Select the Right Gloss Level
Gloss and semi-gloss paints are easier to clean than flat paints because of their smoother surface. If a flat or low sheen finish is desired, we recommend using EVEREST® Ultra-Premium Interior Flat and Velvet paints. Higher quality paints are more durable, wash and clean up easier, and last longer.
Interior painted walls can get dirty in many different situations: hand and finger prints around switches and knobs; splashes in kitchens and bathrooms; marks on hallways and corridors; and “soot” accumulating above electric lamps and other heat sources, to name a few.
What You Should Know
Washing dirt from painted walls before it accumulates not only improves their appearance, but it also reduces the chance of the dirt becoming permanently embedded in the paint film.
Make sure to check for dirt periodically. You should assume that dirt will be present in and near cooking and high traffic areas. Spot clean where necessary.
When washing walls or removing stains, do only the minimum amount of cleaning, using the lightest pressure necessary. This will help avoid eroding the paint or creating any shiny spots ( also known as burnishing).
Always use the least aggressive cleaner, such as a mild soap solution.
Always wet a sponge before use to prevent excessive surface abrasion.
Always rinse your walls with warm water to remove any remaining cleaning solution residue. This residue will otherwise attract dust and dirt quickly.
It is not always possible to wash off all stains (e.g., permanent markers). These and other stains may bleed or show through when painted.
If there is any doubt about residual stains, consider applying a high-quality, stain-blocking primer, such as BLOCK-IT® Premium.
If cleaning or other burnishing has left the surface shiny in some areas, the primer will also give a consistent look.
Suggestions for Stain Removal
For the most severe marks, use a high strength multipurpose cleaner. Be sure to follow instructions on label and apply sparingly to avoid paint removal.
For less severe marks, use a mild general household cleaner.
For stubborn marks, sprinkle some baking soda on a damp sponge and rub gently in a circular motion.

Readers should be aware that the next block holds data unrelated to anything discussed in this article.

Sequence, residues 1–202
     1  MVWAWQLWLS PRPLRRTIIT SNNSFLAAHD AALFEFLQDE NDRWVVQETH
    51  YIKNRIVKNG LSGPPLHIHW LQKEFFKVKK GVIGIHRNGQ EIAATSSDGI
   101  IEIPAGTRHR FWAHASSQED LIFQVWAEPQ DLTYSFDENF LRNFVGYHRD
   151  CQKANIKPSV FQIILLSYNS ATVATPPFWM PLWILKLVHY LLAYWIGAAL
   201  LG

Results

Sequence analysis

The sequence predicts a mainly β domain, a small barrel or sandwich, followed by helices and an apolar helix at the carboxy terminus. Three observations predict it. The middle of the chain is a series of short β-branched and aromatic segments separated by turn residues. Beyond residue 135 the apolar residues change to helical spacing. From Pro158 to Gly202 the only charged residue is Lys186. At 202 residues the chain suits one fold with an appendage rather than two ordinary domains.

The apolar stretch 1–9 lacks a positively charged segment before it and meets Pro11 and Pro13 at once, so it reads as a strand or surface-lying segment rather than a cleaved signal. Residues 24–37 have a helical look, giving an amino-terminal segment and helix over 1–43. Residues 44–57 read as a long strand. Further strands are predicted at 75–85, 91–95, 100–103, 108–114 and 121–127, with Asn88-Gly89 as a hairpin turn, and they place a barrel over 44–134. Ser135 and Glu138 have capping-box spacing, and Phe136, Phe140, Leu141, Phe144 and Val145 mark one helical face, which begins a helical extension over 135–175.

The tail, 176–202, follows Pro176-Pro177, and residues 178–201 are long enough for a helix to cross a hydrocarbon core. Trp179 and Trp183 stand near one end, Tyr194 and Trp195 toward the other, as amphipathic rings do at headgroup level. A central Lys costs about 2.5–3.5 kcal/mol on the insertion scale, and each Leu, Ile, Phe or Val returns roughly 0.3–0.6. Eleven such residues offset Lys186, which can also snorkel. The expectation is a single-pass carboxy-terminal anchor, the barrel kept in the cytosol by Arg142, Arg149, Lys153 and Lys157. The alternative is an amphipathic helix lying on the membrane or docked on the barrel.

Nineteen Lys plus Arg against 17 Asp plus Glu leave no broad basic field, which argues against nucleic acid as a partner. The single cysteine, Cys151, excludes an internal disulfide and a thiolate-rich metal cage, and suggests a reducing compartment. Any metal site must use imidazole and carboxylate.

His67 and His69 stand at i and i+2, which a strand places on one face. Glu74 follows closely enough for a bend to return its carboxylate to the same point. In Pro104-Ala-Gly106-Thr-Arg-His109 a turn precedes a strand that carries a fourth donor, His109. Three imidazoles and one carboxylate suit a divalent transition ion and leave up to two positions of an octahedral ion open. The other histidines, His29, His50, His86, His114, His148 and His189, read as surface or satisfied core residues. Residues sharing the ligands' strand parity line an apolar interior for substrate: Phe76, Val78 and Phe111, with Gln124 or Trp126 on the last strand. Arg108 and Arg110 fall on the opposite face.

Add 2 oz. liquid household ammonia to a gallon of TSP solution (trisodium phosphate).
Start washing at the bottom and work your way up. This prevents the cleaning solution from running down the dirty part of the wall and causing hard-to-remove streaks.
For more severe marks, use a high-strength multipurpose cleaner. Be sure to follow instructions on label and apply sparingly to avoid paint removal.
For less severe marks, use a solution of dishwashing detergent or TSP with warm water.
For stubborn marks, add non-gel toothpaste (a mild abrasive) to a damp cloth and wipe marks away.
For the most stubborn marks, sprinkle some baking soda on a damp cloth and wipe marks away
For scuff marks and pencil marks, try using an art gum eraser.
For ballpoint pen, spray with alcohol and wipe off, or mix 1 tablespoon of fresh lemon juice and ½ tablespoon of salt. Put on a damp rag and gently wipe off. Excessive pressure will cause paint to burnish.
For oily smudges and dirt around door knobs and light switches, use a high-strength multi-purpose cleaner on a wet rag. Be sure to follow instructions as well as strong solvent warnings on labels as applicable.
These marks are difficult to completely remove. To lessen the severity of the marks, try using a solvent-based cleaner. Be sure to follow instructions as well as strong solvent warnings on labels as applicable. Be advised: using any of these solutions will likely result in some damage to the finish.
Try to carefully spot-clean areas with a non-gel toothpaste.
For ballpoint pen marks, hairspray is another option.
Hold a plastic bag filled with ice on the gum to harden it. Scrape off excess gum with a spatula or dull knife. Then use a high-strength multi-purpose cleaner to remove the residue. Be sure to follow instructions on label and apply sparingly to avoid paint removal.
Melt the wax with a hair dryer and wipe away the excess; Ironing a paper towel over the wax can work too.
The greasy mark left behind can be removed by wiping with a weak solution of vinegar.
Be aware of mildew growth on surfaces that tend to be moist. This includes laundry, basement, bathroom and kitchen areas.
Mildew should be treated and removed, never simply painted over.
To distinguish dirt from mildew, test the surface by putting a few drops of household chlorine bleach on it. If the surface has mildew, the color will be bleached out in just a few minutes
Apply a 3 to 1 mixture of water and household bleach to the area using a rag or sponge. Be sure to wear eye protection and gloves. With colored paints, test a small area first to be sure the bleach solution will not cause fading.
Allow the mixture to remain on for 20 minutes; add more as it dries. Rinse the area thoroughly.
For more information, see our “Mold and Mildew” brochure, available at any Dunn-Edwards store.
These suggestions for cleaning and stain removal are provided as a service to you.
We are unable to guarantee or take responsibility for the results obtained by these procedures.
Before attempting any of these methods, test the procedure on an inconspicuous area to be cleaned.
If you have additional questions, please call any of the experts in our customer service department.